Format

Send to

Choose Destination
Curr Diab Rep. 2019 Jul 29;19(9):65. doi: 10.1007/s11892-019-1184-8.

Debate on Insulin vs Non-insulin Use in the Hospital Setting-Is It Time to Revise the Guidelines for the Management of Inpatient Diabetes?

Author information

1
Department of Medicine/Endocrinology, Emory University School of Medicine, 69 Jesse Hill Jr Dr, Atlanta, GA, 30303, USA.
2
Department of Medicine/Endocrinology, Emory University School of Medicine, 69 Jesse Hill Jr Dr, Atlanta, GA, 30303, USA. geumpie@emory.edu.

Abstract

PURPOSE OF REVIEW:

Hyperglycemia contributes to a significant increase in morbidity, mortality, and healthcare costs in the hospital. Professional associations recommend insulin as the mainstay of diabetes therapy in the inpatient setting. The standard of care basal-bolus insulin regimen is a labor-intensive approach associated with a significant risk of iatrogenic hypoglycemia. This review summarizes recent evidence from observational studies and clinical trials suggesting that not all patients require treatment with complex insulin regimens.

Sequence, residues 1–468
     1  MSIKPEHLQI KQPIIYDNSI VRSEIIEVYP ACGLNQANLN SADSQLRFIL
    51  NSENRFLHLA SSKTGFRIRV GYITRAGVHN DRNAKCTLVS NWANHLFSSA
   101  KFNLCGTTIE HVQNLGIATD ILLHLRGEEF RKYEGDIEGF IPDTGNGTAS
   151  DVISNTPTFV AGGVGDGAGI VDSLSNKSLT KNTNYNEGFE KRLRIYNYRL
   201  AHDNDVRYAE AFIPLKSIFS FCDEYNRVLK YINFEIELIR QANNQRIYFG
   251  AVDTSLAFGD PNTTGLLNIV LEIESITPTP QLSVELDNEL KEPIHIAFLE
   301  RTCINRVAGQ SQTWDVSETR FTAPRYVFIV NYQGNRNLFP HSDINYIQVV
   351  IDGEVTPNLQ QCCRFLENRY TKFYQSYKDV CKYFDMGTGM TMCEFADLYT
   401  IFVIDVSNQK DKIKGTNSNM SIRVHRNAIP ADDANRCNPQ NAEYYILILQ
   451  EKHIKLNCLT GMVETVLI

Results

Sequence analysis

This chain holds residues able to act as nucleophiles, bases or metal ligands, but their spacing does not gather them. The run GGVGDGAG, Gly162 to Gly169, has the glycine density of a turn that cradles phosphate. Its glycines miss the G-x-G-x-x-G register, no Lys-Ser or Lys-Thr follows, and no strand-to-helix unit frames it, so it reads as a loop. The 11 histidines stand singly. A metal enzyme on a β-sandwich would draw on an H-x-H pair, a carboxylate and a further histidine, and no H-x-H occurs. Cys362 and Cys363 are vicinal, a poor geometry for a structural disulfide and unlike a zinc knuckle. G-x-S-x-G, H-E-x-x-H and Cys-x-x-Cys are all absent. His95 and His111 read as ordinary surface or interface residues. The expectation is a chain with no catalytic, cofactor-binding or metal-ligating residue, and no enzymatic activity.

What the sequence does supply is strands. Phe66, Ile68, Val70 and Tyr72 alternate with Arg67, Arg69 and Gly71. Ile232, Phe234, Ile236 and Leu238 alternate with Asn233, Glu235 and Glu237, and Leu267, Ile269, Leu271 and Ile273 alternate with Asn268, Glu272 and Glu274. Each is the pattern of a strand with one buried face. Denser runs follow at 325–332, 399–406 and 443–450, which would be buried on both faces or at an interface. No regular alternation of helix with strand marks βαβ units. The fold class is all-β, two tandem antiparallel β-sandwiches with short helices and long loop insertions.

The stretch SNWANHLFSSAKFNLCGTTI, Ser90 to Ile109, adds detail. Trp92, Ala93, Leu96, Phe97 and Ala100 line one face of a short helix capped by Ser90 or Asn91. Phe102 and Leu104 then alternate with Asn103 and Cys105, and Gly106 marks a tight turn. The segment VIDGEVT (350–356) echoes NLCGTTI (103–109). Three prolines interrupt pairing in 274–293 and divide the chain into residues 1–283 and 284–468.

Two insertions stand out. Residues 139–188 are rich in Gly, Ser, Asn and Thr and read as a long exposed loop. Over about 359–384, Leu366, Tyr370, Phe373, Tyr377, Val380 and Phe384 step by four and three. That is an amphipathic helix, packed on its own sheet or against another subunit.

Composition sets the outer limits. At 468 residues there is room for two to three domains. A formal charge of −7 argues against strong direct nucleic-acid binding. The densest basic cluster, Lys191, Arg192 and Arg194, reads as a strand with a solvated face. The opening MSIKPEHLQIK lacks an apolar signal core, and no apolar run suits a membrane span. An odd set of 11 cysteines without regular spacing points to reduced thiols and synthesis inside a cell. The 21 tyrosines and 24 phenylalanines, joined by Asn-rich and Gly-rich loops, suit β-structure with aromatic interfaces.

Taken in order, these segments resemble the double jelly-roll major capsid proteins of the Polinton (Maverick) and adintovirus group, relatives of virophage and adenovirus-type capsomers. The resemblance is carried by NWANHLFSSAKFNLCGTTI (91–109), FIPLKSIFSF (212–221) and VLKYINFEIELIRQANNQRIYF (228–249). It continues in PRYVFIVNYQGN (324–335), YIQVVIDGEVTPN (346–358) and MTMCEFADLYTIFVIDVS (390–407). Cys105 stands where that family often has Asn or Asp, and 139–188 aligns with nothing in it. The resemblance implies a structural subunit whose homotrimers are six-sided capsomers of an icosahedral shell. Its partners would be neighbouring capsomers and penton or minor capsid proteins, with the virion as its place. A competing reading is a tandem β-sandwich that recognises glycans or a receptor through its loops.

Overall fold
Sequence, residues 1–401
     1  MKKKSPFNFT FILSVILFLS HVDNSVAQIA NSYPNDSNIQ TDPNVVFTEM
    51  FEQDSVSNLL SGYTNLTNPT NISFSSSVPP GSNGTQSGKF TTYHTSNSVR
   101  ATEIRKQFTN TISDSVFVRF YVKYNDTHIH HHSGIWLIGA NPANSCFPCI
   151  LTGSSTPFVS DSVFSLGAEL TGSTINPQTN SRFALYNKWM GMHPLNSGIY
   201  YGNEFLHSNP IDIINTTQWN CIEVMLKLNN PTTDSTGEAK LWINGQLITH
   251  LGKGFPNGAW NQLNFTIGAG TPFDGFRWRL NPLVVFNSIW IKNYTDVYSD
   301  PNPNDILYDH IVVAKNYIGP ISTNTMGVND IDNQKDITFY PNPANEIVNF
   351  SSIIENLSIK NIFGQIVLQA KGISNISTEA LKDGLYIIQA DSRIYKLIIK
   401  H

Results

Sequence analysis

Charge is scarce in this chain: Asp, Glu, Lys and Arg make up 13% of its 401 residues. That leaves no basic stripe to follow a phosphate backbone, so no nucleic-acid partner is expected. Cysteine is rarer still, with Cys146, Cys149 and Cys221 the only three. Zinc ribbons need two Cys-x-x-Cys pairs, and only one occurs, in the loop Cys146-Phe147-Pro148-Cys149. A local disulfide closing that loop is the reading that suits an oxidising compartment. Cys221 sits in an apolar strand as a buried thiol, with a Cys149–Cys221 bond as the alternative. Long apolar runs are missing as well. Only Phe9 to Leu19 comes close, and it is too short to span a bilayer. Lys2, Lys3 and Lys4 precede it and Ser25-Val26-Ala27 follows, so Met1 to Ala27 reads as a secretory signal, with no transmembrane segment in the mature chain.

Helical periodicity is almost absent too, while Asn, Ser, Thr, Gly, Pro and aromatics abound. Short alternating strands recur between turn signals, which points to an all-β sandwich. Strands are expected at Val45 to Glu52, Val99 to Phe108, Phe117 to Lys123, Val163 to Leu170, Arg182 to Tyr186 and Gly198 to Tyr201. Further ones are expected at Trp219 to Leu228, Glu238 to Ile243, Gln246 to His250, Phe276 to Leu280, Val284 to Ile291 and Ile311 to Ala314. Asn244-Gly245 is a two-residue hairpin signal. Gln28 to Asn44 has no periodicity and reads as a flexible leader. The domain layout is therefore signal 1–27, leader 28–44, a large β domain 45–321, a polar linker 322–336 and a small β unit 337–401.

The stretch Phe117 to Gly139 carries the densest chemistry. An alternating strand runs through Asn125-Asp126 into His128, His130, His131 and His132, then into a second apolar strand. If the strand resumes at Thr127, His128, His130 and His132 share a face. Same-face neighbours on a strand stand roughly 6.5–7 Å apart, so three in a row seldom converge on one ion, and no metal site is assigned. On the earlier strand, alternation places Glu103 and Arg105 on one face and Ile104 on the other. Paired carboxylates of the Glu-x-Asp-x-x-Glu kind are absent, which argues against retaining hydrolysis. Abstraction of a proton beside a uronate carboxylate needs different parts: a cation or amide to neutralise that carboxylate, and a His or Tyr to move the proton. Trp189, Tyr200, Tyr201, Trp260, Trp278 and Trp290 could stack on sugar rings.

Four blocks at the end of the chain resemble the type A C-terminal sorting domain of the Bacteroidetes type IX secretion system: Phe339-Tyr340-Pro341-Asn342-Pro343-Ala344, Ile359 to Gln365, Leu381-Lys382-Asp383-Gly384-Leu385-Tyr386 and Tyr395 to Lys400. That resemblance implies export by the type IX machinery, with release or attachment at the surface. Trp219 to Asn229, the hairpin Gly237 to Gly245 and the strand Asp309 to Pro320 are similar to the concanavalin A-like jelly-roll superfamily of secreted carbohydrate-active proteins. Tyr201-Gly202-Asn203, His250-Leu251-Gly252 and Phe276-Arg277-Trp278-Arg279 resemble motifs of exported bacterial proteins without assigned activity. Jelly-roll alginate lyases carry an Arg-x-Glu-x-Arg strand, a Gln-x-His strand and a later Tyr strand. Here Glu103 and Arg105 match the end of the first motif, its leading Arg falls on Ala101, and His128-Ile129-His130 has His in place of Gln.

RECENT FINDINGS:

Evidence from clinical trials shows that incretin-based agents are effective in appropriately selected hospitalized patients and may be a safe alternative to complicated insulin regimens. Observational studies also show that older agents (i.e., metformin and sulfonylureas) are commonly used in the hospital, but there are few carefully designed studies addressing their efficacy. Therapy with dipeptidyl peptidase-4 (DPP-4) inhibitors, alone or in combination with basal insulin, may effectively control glucose levels in patients with mild to moderate hyperglycemia. Further studies with glucagon-like peptide-1 (GLP-1) receptor analogs and older oral agents are needed to confirm their safety in the hospital.

KEYWORDS:

DPP-4 inhibitors; Diabetes; Hospitalized patients; Incretin; Inpatient; Insulin

PMID:
31353426
DOI:
10.1007/s11892-019-1184-8

Supplemental Content

Full text links

Icon for Springer
Loading ...
Support Center